Hammerschmidt, Dawn M.; Ph.D.
Program of Human Development, Wellness;
College of Human Development and Education; North Dakota State University
The Prevalence of Work-Related Musculoskeletal Disorders in Certified Members of the National Athletic Trainers’ Association
Major Professor: Dr. Donna Terbizan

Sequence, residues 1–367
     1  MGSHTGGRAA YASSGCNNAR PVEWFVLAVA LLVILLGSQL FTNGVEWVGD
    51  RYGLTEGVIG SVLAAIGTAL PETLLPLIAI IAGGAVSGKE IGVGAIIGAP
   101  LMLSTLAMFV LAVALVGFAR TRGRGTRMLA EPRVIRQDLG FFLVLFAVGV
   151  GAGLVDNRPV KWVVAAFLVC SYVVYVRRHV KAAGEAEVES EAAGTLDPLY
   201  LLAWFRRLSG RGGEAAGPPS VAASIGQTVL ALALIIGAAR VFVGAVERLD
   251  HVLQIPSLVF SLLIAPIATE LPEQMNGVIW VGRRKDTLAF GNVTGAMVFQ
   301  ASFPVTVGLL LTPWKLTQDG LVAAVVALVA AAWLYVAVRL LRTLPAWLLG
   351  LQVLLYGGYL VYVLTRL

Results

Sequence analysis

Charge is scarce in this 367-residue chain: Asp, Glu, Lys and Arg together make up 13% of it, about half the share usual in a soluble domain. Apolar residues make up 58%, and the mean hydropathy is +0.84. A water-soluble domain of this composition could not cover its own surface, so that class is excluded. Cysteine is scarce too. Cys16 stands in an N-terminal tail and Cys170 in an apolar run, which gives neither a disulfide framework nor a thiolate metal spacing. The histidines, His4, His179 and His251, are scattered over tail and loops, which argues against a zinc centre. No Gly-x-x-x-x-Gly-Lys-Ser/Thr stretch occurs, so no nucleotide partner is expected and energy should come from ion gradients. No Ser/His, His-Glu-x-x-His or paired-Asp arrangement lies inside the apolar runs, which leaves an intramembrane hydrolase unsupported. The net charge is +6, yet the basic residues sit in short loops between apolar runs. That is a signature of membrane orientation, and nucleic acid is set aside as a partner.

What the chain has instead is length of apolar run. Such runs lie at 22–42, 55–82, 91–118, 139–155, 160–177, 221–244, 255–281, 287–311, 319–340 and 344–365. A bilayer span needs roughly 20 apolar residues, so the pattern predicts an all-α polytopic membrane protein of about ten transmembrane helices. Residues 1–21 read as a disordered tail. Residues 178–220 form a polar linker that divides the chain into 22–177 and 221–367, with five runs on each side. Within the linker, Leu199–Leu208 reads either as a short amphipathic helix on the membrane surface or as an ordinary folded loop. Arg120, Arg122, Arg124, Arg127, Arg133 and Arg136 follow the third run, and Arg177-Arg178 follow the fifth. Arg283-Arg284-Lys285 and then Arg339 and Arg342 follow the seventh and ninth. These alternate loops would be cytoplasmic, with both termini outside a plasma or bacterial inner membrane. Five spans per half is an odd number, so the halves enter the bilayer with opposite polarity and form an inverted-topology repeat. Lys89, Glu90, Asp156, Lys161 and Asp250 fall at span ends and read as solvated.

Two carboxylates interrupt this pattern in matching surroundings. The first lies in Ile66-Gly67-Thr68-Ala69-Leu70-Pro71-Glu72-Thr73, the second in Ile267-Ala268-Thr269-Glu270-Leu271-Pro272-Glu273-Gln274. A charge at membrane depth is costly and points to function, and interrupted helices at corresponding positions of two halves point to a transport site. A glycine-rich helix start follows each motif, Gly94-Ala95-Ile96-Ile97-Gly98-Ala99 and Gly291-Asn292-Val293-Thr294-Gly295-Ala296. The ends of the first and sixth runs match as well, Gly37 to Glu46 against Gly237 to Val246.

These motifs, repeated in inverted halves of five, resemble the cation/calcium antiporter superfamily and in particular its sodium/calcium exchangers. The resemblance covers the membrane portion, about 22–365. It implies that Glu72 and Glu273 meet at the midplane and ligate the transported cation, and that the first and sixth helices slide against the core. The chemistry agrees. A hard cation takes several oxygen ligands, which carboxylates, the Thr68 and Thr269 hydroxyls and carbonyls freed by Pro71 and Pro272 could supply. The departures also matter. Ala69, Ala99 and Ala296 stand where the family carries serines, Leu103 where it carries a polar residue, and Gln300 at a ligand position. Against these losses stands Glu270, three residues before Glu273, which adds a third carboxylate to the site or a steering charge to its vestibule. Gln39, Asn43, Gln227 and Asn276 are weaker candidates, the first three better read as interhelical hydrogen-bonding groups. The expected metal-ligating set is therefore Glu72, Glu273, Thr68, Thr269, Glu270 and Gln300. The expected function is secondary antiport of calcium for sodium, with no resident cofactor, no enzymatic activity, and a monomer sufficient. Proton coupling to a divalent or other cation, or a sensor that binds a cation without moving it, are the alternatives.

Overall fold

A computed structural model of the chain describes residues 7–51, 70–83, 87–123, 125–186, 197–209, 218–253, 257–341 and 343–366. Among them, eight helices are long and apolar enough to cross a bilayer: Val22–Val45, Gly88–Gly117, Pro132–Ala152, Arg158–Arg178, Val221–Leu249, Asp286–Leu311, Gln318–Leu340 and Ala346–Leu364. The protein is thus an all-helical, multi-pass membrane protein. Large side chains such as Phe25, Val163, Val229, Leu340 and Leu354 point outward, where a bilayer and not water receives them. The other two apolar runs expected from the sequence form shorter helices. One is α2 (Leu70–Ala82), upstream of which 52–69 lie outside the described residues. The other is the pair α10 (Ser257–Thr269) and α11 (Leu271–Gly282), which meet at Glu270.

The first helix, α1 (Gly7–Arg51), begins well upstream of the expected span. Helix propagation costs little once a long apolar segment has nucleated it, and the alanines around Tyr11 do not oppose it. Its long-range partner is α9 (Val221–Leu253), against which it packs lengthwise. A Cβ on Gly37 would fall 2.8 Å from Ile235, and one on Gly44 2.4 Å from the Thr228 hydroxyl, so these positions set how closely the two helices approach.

The purpose of the study was to examine the prevalence of work-related musculosketetal disorders among certified members of the National Athletic Trainers’ Association. A random sample of 6,500 certified athletic trainers (ATC) representing 3 employment settings was sampled using a reliable and valid survey, the Nordic Musculoskeletal Questionnaire. A response rate of 34.4% was achieved using an electronic survey via email. Six research questions were examined regarding various aspects of work-related musculosketetal disorders (WRMD) and the profession of athletic training. The relationship between gender and WRMD in ATC revealed that women reported significantly (p < .006) more WRMD in the past 12 months than males in 5 of 9 body regions (neck, shoulders, wrist/hand, upper back, and hip/thigh). Males reported significantly (p < .013) greater WRMD compared to females in the past 12 months in the elbow/forearm. Statistical tests that examined the relationship between gender and WRMD that prevented ATC from doing work at home or away from home and prevalence within the last seven days were inconclusive. Lifetime prevalence of WRMD between the genders found that only females showed a significant (p < .016) relationship for the neck and wrist/hand. Younger ATC (20-30 year old versus 30-66+ year old) reported significantly (p < .043) greater WRMD in the neck, shoulder, elbow/forearm, upper back, and hip/thigh regions. The relationship between the number of years employed as an ATC and WRMD revealed that employment within 0-5 years versus 6-21+ years was significant (p < .044) for the neck, shoulders, and upper back while 6-21+ was significant (p < .003) for the elbow/forearm and hip/thigh. Relative to the number of hours worked per week and WRMD. There were no significant (p < .050) differences between the nine body regions relative to the number of hours worked per week (40 hours and less versus 41 hours and more). No significant relationship was noted between a specific employment setting (clinical, college/university, and high school) and WRMD. Prevalence rates in the 9 body regions were also examined. The low back had the highest prevalence rate of WRMD at 67.9% followed by the neck, 60.0%; the shoulder, 46.3%; the knee, 38.3%; the upper back, 34.9%; the wrist/hand, 31.0%; the ankle/foot, 30.9%; the hip/thigh, 16.5%; and the elbow/forearm, 15.8%. The following conclusions were noted: ATC do suffer a high prevalence of WRMD. Based on this current study, the need to spread awareness of WRMD in ATC, the need to incorporate WRMD discussions into the education process of athletic training students, and the need to incorporate education of WRMD and safety measures in the clinical setting to prevent WRMD from occurring in the workplace are suggestions for the athletic training profession.